Six ministers could go as Theresa May plots cabinet reshuffle

Theresa May was interviewed in her constituency by Andrew Marr for the BBC on Sunday. Picture: BBC handout/PA
Theresa May was interviewed in her constituency by Andrew Marr for the BBC on Sunday. Picture: BBC handout/PA
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Theresa May has cleared the decks for a New Year revamp of her government, scrapping plans to give MPs a free vote on overturning the ban on fox hunting in England.

The Prime Minister will seek to stamp her authority with a Cabinet reshuffle beginning on Monday amid reports that up to six senior ministers could be axed or moved.

As MPs prepared to head back to Westminster following the Christmas break, she reaffirmed her intention to lead the Conservatives into the next general election.

At the same time she acknowledged that the manifesto pledge to give MPs the opportunity to reverse the ban on hunting with hounds south of the Border was one of the issues which cost them votes at last June’s disastrous snap election when her Commons majority was wiped out.

“My own view hasn’t changed but as Prime Minister my job isn’t just about what I think about something, it’s actually about looking at what the view of the country is,” she told BBC1’s The Andrew Marr Show.

“I think there was a clear message about that and that’s why I say there won’t be a vote on fox hunting during this parliament.”

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In a wide ranging interview, Mrs May:

- Defended the government’s handling of the NHS winter crisis while acknowledging “nothing’s perfect” in the health service

- Confirmed plans to review decision-making by the Parole Board following the outcry over the release of black cab rapist John Worboys

- Promised £5.7 million of government funding to create a new “Northern Forest” stretching from Liverpool to Hull

Despite the setback at the last election, Mrs May insisted that she still wanted to lead her party into the next election due to take place in 2022, declaring: “I’m not a quitter. I’m in this for the long term.”

But pressed on whether she would still be there the next time the country goes to the polls, she replied: “Obviously I serve as long as people want me to serve.”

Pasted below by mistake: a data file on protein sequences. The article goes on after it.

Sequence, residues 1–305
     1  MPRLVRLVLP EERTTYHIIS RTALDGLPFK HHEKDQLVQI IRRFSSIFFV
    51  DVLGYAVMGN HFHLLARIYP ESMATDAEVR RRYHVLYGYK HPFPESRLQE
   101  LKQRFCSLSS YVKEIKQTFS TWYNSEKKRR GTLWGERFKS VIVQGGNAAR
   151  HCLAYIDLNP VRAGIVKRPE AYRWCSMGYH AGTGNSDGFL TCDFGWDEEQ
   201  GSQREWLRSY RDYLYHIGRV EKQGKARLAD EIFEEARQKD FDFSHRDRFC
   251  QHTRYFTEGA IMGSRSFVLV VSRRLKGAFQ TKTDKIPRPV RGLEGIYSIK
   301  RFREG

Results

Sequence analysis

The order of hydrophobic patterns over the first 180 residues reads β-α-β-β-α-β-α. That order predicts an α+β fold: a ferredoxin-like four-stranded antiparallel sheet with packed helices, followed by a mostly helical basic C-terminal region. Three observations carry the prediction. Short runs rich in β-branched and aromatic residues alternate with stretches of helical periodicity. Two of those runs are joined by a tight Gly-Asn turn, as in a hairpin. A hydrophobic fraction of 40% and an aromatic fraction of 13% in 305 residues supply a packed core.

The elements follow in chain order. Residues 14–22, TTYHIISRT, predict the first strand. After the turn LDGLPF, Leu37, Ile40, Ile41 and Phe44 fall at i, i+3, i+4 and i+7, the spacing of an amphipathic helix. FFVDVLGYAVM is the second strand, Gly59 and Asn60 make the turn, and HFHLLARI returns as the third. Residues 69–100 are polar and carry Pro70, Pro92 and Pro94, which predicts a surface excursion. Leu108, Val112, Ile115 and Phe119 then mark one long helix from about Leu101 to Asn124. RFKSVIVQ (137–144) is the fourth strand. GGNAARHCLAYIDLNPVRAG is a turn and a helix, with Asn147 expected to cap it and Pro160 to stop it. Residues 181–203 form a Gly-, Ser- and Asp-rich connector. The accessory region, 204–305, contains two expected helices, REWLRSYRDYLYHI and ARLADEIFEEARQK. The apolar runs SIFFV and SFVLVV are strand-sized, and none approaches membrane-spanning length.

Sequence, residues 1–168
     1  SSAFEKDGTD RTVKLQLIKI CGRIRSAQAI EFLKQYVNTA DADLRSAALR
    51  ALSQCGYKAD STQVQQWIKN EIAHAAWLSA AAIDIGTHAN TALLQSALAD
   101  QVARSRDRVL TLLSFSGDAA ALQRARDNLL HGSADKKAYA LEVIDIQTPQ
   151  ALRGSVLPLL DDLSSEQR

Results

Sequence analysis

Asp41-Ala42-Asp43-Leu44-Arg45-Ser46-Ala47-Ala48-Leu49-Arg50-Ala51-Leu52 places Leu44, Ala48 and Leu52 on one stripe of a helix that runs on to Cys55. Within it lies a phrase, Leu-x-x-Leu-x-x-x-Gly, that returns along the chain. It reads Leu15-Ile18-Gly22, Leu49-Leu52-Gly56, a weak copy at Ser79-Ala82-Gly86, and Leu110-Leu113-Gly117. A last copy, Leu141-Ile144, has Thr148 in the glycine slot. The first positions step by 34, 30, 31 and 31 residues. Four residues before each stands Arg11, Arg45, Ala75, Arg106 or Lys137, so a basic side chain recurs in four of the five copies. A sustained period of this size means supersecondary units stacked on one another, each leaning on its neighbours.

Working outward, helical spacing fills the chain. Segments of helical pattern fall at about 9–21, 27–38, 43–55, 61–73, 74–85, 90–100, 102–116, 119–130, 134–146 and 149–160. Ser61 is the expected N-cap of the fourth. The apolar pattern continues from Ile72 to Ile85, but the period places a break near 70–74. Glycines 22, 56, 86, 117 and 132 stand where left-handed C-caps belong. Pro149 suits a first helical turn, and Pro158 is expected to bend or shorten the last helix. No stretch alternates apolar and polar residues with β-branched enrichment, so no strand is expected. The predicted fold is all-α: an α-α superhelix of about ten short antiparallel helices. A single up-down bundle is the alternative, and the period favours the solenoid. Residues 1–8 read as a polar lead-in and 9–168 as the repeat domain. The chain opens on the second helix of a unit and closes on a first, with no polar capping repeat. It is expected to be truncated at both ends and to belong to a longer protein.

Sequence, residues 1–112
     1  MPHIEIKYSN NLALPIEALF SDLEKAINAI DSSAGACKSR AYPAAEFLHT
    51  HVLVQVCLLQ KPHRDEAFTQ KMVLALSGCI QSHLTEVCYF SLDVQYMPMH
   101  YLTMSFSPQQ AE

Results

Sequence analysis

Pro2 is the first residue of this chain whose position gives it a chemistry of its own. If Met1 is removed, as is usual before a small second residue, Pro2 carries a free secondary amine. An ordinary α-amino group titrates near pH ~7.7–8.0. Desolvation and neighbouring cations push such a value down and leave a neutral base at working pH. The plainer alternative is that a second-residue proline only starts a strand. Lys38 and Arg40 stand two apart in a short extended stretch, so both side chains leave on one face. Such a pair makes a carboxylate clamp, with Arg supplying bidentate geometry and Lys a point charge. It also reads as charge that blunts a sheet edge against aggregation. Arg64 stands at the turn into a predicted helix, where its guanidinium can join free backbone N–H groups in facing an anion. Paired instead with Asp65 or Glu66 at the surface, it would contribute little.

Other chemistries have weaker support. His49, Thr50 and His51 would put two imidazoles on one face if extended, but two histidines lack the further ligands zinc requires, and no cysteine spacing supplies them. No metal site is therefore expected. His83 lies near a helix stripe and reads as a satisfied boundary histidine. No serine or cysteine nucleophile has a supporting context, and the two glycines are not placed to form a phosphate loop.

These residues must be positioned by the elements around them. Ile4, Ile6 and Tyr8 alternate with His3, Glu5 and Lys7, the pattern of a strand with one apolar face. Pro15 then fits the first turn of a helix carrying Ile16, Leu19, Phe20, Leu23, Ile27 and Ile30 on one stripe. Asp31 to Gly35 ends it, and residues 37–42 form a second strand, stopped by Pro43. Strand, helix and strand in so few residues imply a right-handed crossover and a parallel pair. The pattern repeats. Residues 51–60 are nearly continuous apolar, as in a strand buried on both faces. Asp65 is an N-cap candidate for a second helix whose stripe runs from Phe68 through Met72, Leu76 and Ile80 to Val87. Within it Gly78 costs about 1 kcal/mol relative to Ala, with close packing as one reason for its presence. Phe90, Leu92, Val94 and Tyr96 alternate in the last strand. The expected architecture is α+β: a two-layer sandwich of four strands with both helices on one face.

Downing Street sources indicated the reshuffle was expected to be conducted over two days, with junior and middle-ranking ministerial appointments likely to continue into tomorrow.

The reshuffle is likely to represent the Prime Minister’s biggest overhaul of her top team since she appointed her first Cabinet on entering Downing Street in 2016.

Mrs May made only limited changes among her senior ministers following the election in June, having seen her position badly weakened by the loss of her overall majority in the House of Commons.

It is thought her most senior ministers – including Chancellor of the Exchequer Philip Hammond, Foreign Secretary Boris Johnson, Home Secretary Amber Rudd and Brexit Secretary David Davis – will remain in their current posts.

However, Education Secretary Justine Greening, the Conservative Party chairman, Sir Patrick McLoughlin, Business Secretary Greg Clark and the Leader of the Commons, Andrea Leadsom, are among those reported to be vulnerable.

Downing Street sources sought to play down the reports, describing them as “speculation” and “guesswork”.

It is thought that Mrs May will take the opportunity to bring forward some more junior ministers, with Immigration Minister Brandon Lewis and Justice Minister Dominic Raab among those tipped for promotion.

It is unclear, however, whether she will announce a direct replacement for Damian Green who was forced to quit as her effective deputy after he admitted lying over the alleged discovery of pornographic material on his House of Commons computer during a police raid in 2008.

Health Secretary Jeremy Hunt had been widely seen as the favourite for the post, although reports have suggested that she may be reluctant to move him in the midst of an NHS winter crisis.

Shadow health secretary Jon Ashworth said yesterday: “If she promotes this health secretary tomorrow it’s a betrayal of those 75,000 people in the back of ambulances.”